According to Table 1, the indication for suprapubic cystostomy is either neurogenic bladder drainage or urethral stricture. The median age at presentation was 61 years (range: 40–88, mean: 65). Seven out of 11 patients have been on suprapubic cystostomy for more than 20 years, even though the duration of suprapubic cystostomy is in the range of 9 months to 35 years [210]. Some patients having a past history of suprapubic cystostomy also developed SCC at the scar site [5, 9]. This reveals that the initial insult itself can predispose to a malignant change. Almost all the cases in the literature were advanced disease (T4) compared to the present case (T2). SCC at the suprapubic cystostomy site can present with or without bladder involvement. Including the present case, the patient without bladder involvement underwent limited resection in the form of partial cystectomy or wide local excision [2, 4]. Either surgery or radiotherapy or both were used as modalities of treatment in SCC. In the present case, considering the patient’s age and sparing of the bladder from tumor invasion create the possibility of going for limited resection with placement of a urinary catheter through the flap. In most cases, treatment modalities were used as a palliative measure. But in the present case we opt for curative resection. With the support of the plastic surgery team, reconstruction was done and suprapubic cystostomy was taken through the flap which was not previously described in the literature. As the resection was done with negative margins and there was no evidence of metastasis, the multidisciplinary team’s decision was to follow him up with active surveillance without any further adjuvant treatment.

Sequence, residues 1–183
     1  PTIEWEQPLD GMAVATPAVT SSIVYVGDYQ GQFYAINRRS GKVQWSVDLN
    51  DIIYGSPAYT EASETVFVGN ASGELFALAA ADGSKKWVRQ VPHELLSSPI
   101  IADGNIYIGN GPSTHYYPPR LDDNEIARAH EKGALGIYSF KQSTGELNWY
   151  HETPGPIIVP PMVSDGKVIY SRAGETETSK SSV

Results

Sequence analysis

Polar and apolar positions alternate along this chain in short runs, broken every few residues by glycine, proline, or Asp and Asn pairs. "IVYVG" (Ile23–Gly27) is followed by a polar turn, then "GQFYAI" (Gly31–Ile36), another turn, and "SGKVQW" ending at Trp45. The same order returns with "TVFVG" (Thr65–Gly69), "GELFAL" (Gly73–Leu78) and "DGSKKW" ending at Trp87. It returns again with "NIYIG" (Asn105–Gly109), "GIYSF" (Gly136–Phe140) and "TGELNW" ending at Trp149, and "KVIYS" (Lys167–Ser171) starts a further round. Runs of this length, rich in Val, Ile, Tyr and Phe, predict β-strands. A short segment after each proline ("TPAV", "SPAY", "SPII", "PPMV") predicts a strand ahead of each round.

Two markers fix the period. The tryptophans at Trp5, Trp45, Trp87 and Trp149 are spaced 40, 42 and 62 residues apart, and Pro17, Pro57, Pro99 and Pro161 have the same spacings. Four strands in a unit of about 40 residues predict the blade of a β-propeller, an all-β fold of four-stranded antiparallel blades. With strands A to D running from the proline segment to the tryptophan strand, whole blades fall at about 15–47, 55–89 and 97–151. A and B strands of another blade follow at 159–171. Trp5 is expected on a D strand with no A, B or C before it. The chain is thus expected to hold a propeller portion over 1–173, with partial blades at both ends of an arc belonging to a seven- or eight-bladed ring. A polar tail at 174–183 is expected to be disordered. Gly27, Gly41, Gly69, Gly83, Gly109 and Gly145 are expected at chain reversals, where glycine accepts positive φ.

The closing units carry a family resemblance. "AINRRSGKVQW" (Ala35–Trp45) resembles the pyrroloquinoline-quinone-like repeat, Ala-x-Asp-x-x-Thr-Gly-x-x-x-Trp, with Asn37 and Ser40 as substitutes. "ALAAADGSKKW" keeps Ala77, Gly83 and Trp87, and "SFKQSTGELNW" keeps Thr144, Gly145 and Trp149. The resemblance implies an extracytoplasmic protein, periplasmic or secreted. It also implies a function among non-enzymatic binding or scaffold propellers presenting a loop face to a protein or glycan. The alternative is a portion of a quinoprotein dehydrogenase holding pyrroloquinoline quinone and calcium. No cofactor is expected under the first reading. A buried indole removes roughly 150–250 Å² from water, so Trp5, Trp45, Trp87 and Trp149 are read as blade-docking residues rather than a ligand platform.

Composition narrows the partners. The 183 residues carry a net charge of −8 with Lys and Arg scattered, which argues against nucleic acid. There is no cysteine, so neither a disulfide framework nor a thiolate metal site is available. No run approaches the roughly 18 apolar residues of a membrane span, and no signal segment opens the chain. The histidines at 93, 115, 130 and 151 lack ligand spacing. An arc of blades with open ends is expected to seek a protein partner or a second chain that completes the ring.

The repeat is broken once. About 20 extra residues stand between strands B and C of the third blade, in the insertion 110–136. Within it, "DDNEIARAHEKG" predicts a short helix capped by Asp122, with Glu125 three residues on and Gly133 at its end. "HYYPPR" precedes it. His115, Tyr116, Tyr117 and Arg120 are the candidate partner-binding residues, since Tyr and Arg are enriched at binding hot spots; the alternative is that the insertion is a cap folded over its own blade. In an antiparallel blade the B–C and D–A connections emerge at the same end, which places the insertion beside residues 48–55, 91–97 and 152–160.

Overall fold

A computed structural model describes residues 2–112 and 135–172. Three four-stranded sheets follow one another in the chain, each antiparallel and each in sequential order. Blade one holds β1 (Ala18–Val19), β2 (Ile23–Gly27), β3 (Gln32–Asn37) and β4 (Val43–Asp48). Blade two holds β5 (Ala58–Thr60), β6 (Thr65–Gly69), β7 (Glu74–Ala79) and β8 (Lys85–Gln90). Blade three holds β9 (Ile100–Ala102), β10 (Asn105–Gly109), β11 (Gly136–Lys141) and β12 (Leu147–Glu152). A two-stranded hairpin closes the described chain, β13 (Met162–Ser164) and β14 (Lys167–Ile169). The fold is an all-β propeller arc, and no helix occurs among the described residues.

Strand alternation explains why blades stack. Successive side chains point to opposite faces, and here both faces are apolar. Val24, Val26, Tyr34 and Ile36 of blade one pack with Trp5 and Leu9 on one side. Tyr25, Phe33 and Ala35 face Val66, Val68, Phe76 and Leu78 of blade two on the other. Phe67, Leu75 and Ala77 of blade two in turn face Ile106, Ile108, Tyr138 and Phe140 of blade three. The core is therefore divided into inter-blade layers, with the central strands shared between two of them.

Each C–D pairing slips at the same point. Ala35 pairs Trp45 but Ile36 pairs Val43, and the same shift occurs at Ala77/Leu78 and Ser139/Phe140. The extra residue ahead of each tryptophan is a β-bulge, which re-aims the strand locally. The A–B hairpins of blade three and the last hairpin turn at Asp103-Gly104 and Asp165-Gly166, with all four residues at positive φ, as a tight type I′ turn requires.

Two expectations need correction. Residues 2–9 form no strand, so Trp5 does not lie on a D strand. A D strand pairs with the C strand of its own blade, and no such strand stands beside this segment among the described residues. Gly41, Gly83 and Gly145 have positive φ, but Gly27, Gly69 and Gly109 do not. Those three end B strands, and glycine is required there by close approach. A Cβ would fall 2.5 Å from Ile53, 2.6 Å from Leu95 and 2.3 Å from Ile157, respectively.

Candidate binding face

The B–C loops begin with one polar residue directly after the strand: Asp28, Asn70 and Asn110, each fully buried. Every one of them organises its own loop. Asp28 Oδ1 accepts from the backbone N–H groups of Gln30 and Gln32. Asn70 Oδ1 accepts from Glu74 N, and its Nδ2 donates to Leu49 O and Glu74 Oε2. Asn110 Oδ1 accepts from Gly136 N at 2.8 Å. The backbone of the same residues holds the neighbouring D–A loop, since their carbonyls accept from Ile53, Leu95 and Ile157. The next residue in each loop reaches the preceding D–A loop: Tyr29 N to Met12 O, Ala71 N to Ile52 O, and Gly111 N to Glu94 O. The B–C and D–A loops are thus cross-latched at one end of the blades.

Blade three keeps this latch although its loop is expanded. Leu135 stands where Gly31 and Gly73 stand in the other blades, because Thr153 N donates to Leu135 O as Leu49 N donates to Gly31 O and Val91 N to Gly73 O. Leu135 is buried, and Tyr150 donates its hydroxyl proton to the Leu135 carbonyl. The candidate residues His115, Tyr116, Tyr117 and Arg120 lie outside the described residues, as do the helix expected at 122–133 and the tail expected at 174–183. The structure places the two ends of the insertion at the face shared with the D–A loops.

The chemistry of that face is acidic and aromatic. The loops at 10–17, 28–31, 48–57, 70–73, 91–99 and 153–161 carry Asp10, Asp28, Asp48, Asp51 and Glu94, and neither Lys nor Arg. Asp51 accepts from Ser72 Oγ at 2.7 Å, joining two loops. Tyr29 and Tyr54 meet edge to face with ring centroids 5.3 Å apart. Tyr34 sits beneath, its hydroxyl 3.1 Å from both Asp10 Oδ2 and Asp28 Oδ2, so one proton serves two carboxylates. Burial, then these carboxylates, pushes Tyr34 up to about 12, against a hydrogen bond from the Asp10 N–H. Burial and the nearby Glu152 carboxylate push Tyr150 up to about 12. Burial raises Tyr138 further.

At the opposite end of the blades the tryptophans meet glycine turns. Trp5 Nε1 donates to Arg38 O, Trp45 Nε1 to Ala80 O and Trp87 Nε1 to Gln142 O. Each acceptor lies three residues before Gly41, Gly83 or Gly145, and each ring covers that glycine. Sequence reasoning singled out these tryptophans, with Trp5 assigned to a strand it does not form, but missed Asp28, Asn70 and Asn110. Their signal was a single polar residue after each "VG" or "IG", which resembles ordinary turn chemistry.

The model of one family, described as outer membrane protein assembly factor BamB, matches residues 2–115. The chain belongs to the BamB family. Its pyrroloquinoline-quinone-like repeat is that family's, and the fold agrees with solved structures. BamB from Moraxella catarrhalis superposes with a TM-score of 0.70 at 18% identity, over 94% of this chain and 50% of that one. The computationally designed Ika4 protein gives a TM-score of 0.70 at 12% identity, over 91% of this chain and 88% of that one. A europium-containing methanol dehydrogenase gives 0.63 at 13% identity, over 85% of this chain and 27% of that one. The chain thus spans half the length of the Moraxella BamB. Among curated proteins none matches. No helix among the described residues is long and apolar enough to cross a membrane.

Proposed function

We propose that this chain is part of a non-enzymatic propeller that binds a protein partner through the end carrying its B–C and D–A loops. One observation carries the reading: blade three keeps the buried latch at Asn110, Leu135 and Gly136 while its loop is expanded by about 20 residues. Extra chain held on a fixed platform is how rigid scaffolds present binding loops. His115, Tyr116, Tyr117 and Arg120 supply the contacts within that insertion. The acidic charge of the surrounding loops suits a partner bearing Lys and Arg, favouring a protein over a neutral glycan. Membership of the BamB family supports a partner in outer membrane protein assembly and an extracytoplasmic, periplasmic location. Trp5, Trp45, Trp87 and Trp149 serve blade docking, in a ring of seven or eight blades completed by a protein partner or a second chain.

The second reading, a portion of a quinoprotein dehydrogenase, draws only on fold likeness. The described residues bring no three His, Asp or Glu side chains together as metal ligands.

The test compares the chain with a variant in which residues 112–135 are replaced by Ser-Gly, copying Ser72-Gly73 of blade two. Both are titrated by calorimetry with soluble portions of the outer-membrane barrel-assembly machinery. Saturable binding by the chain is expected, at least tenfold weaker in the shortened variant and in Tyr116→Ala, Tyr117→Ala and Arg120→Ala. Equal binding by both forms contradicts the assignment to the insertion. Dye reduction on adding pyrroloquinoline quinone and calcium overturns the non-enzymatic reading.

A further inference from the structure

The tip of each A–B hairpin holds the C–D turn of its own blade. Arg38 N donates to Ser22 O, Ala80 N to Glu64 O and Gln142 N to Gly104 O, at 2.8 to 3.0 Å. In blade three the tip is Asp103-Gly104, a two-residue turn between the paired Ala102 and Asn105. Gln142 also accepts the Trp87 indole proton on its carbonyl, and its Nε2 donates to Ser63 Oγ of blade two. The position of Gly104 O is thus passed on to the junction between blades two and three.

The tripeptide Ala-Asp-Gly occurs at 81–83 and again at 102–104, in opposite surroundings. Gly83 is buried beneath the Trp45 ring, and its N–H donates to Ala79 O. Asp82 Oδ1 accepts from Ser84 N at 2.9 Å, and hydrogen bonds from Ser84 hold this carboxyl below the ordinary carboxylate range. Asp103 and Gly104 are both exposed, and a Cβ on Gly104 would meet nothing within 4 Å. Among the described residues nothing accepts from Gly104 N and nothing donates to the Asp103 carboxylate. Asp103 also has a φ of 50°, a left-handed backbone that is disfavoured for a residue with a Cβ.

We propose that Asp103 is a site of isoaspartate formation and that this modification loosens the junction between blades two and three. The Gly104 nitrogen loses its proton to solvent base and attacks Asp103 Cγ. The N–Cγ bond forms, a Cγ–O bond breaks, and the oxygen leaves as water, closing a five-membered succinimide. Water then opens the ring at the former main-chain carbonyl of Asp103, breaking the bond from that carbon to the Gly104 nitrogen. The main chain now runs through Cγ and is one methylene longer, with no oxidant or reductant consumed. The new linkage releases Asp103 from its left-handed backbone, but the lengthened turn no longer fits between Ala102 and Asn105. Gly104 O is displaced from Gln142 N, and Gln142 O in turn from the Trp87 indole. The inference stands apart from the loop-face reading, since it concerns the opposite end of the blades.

4. Conclusion

It is prudent to look for changes around the suprapubic cystostomy site in a patient on long-term suprapubic catheterization or who had a suprapubic cystostomy in the past. It has to be carefully evaluated for malignancy. Even though SCC in the suprapubic cystostomy site is rare, early identification leads to a tumor-free resection margin at surgery and the ability to avoid extensive resection, such as cystectomy.

Conflicts of Interest

The authors declare that there are no conflicts of interest.

References

  1. D. J. Grignon, M. N. El-Bolkainy, B. J. Schmitz-Dräger, R. Simon, and J. E. Tyczynski, “Squamous cell carcinoma,” in World Health Organisation Classification of Tumours. Pathology and Genetics of Tumours of the Urinary System and Male Genital Organs, J. N. Eble, G. Sauter, J. I. Epstein, and I. A. Sesterhenn, Eds., pp. 124–126, IARC Press, Lyon, France, 2004. View at Google Scholar